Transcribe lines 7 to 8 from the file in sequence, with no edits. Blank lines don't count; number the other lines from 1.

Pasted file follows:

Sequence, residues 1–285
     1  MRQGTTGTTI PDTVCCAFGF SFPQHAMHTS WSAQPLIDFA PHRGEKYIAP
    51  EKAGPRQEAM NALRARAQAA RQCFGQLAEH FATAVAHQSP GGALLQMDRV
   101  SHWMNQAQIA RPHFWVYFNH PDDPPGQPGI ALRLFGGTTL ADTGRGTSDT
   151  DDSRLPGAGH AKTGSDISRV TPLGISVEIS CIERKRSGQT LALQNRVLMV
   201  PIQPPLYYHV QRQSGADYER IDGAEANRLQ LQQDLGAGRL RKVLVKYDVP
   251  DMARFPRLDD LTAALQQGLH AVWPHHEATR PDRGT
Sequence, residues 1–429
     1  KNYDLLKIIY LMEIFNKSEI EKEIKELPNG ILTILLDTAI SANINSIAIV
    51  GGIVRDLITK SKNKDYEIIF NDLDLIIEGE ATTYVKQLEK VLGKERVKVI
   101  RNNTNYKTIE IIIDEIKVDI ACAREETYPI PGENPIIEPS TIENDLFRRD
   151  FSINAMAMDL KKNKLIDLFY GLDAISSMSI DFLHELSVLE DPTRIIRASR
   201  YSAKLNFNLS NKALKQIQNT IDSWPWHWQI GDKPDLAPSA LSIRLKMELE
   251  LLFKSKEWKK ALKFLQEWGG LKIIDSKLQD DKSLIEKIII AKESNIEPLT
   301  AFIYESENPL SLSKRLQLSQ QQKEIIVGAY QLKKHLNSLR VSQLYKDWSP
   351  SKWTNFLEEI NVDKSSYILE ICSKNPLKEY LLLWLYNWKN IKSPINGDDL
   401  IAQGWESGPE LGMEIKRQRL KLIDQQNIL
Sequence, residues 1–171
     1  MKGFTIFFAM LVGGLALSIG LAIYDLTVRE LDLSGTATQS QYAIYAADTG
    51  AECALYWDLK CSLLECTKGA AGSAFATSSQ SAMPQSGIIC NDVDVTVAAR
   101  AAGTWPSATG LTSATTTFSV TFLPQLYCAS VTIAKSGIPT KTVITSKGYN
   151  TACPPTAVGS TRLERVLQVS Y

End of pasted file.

   251  DMARFPRLDD LTAALQQGLH AVWPHHEATR PDRGT
Sequence, residues 1–429